Smock Knives Goes from Chop Shop to Knife Shop

The last few years have seen the knife modding scene explode in popularity. A trip to the forums or to Instagram will reveal page after page of people showing off their modded knives: different finishes, scale materials, clips, anodizations – it goes on and on. Many of the big names in custom knives got their start doing mod work on production knives.

One such maker is Kevin Smock, of Smock Knives. Formerly working under the name Bower Bladeworks, Smock made a name for himself with his high quality mods of popular production knives. A Product Designer by trade, Smock began his knife making career modding blades for himself, starting with a Spyderco Tenacious: “I saw that people like Tuffthumbz [of] were modifying it and I was like, ‘I can do that!’” As it tends to go with talented modders, Smock gained fans and customers through word-of-mouth and YouTube; “I started getting requests to do other peoples’ knives and it just kinda snowballed from there.”

Although he’s done work on a lot of different knives – the Spyderco Paramilitary 2, Techno, Junior – Smock’s claim to modding fame is a chopped down version of the Spyderco Southard called, appropriately enough, the Mini Southard. And like his modding career in general, it started as a personal project. Smock was living in Michigan and coping with the knife laws there, which prohibit a knife over three inches: “The only problem with the Spyderco Southard is it’s over 3 inches”, says Smock. “So what does a guy do? Cut it down.”

The result is really less of a mod than it is an entirely new knife: smaller, with a different blade shape and contoured handles, the Mini Southard is gorgeous and useful. Whether or not it was intentional, the Southard has always been a popular blade for modding; “I think companies do themselves a favor when they design a knife that is mod friendly,” says Smock, who reckons he has sold between 50-100 Southards for Spyderco due to the popularity of his mod.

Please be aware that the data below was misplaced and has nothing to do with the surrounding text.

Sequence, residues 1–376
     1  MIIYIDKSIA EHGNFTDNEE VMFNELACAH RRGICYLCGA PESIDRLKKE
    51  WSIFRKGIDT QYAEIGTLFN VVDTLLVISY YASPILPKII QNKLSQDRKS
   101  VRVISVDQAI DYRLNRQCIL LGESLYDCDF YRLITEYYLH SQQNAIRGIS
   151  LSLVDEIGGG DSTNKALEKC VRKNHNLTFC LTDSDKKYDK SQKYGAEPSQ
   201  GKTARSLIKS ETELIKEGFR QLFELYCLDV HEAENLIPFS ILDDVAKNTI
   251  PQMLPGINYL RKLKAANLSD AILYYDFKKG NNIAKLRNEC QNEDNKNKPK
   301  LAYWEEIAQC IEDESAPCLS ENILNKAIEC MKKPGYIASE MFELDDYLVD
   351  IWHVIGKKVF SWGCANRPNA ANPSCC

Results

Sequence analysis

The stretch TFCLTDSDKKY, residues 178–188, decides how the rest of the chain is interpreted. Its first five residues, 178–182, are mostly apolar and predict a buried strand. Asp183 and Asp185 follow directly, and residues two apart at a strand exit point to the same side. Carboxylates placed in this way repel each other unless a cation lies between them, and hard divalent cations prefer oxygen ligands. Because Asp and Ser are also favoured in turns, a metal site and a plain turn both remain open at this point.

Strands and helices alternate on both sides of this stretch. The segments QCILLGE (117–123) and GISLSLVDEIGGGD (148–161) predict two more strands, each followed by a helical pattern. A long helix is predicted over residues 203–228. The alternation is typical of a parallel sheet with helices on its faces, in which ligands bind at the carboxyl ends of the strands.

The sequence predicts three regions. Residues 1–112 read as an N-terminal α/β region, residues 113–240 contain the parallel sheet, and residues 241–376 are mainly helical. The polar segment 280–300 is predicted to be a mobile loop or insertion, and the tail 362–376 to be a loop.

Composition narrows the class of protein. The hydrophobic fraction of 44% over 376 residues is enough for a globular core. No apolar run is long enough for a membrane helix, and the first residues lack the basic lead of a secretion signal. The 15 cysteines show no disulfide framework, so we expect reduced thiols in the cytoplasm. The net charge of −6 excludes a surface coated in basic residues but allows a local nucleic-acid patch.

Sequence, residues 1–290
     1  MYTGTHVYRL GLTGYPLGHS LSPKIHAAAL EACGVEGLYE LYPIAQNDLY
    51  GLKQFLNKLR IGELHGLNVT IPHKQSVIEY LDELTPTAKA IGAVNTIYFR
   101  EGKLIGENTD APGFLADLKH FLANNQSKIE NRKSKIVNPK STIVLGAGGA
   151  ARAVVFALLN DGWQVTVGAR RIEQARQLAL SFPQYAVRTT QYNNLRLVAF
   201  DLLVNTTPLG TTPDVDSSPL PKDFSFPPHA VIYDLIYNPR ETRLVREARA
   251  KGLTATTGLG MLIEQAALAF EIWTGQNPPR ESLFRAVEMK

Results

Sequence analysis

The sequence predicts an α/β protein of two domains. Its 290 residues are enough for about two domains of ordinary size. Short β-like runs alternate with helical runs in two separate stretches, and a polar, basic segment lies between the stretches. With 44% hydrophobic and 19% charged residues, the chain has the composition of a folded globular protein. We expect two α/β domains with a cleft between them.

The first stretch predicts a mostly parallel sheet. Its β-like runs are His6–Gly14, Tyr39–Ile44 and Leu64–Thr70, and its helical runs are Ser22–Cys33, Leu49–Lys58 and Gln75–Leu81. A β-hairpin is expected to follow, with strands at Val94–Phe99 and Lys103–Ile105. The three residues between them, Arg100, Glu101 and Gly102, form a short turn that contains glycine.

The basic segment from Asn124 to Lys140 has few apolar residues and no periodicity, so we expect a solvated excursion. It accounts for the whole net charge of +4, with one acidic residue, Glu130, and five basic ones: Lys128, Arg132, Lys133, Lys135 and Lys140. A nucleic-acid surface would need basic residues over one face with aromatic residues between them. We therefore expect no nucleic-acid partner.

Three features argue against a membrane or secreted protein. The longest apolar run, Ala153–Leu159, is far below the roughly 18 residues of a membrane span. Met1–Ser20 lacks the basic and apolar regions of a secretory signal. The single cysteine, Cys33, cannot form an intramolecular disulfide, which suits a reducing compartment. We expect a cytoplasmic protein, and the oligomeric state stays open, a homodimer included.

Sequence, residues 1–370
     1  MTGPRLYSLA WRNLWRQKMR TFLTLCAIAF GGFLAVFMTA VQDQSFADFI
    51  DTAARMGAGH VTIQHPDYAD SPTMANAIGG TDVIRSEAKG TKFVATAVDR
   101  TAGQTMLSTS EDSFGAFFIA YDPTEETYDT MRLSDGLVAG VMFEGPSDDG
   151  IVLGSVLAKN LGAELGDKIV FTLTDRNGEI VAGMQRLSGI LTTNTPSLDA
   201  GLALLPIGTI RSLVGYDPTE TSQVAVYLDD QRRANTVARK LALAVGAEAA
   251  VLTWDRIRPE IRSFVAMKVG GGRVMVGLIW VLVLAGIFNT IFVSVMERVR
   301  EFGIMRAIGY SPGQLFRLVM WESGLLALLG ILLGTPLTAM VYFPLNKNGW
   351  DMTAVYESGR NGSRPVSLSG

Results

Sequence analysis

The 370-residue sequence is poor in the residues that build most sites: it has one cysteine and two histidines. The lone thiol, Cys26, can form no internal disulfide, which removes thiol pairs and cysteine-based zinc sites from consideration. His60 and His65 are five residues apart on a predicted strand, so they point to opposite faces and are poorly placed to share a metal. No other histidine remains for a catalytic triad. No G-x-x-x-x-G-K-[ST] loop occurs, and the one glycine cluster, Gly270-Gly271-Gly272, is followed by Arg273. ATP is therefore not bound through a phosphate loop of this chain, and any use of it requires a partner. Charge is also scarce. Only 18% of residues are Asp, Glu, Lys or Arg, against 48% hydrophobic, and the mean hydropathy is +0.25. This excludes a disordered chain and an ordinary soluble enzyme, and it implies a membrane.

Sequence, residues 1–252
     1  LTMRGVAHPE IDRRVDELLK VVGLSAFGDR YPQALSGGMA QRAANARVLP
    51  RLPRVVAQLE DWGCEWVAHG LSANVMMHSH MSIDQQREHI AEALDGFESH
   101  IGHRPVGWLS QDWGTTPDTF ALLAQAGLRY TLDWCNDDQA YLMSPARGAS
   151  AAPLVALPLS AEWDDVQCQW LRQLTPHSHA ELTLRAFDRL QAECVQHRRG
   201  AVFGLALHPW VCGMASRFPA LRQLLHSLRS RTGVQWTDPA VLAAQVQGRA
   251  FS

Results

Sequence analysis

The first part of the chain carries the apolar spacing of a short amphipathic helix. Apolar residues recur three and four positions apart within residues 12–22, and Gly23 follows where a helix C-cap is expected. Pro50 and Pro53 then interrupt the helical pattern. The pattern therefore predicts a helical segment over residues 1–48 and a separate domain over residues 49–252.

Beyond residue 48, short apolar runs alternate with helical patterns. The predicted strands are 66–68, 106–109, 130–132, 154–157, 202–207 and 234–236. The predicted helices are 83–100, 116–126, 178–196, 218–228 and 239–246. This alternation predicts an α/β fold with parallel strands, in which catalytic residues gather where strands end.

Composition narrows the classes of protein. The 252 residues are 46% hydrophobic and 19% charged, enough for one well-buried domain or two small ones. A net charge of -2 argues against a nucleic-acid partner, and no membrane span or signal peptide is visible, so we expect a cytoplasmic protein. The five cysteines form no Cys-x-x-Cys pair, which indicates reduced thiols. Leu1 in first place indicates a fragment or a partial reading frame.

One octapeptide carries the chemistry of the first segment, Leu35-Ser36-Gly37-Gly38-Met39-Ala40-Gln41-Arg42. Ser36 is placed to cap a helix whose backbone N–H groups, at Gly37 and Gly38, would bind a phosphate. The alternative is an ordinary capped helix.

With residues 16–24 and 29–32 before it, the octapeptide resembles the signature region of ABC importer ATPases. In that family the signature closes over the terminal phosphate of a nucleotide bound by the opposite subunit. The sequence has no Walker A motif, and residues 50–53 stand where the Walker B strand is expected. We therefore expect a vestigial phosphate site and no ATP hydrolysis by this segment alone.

Mini Southard 1

Pimped-out Mini Southard

But what exactly makes a knife mod friendly? Smock prefers knives made from titanium (which can be anodized), or those with easily-removable scales over liners. Blades with more complicated construction, like Benchmade knives with their intricate Axis Locks, are less desirable to work with; “Most knives can be done, but I like to stick to the ones I know.” The knife companies certainly seem to understand the desirability of a moddable knife; many of 2015’s (and early 2016’s) most popular designs featured this sort of mod-friendly construction.

Smock has grown his business over the years, and broke into the custom knife scene with the SK23, a folding knife that, like Smock’s modding work, manages to stand out in a crowded field. “I literally made a list of everything I hate about certain knives and I made a list of things I love about certain knives. If it was on the hate list, it couldn’t be in the SK23 design.” The resulting knife is distinct, and distinctly Smockian (to coin a term), with beautiful anodized titanium scales, a compression Lock licensed from Spyderco, and a blade shape similar to the modified sheepsfoot of the Mini Southard.

Smock Knives Shop

Smock Knives’ Brand New Shop

A recent move to a bigger shop has given Smock the space he needs for better equipment: “My goal for 2016 is to buy a CNC machine and get caught up on orders,” he says. From there, Smock’s next projects are the EDSK, a small, inexpensive fixed blade designed for everyday carry, and possibly even a set of kitchen cutlery. Smock has even been talking about possible collaborations, but at this point nothing can be confirmed. Whatever comes next though, expect the same commitment to innovation and quality that has marked both Smock’s mods and his custom designs.

Knife featured in image: Smock Knives SK23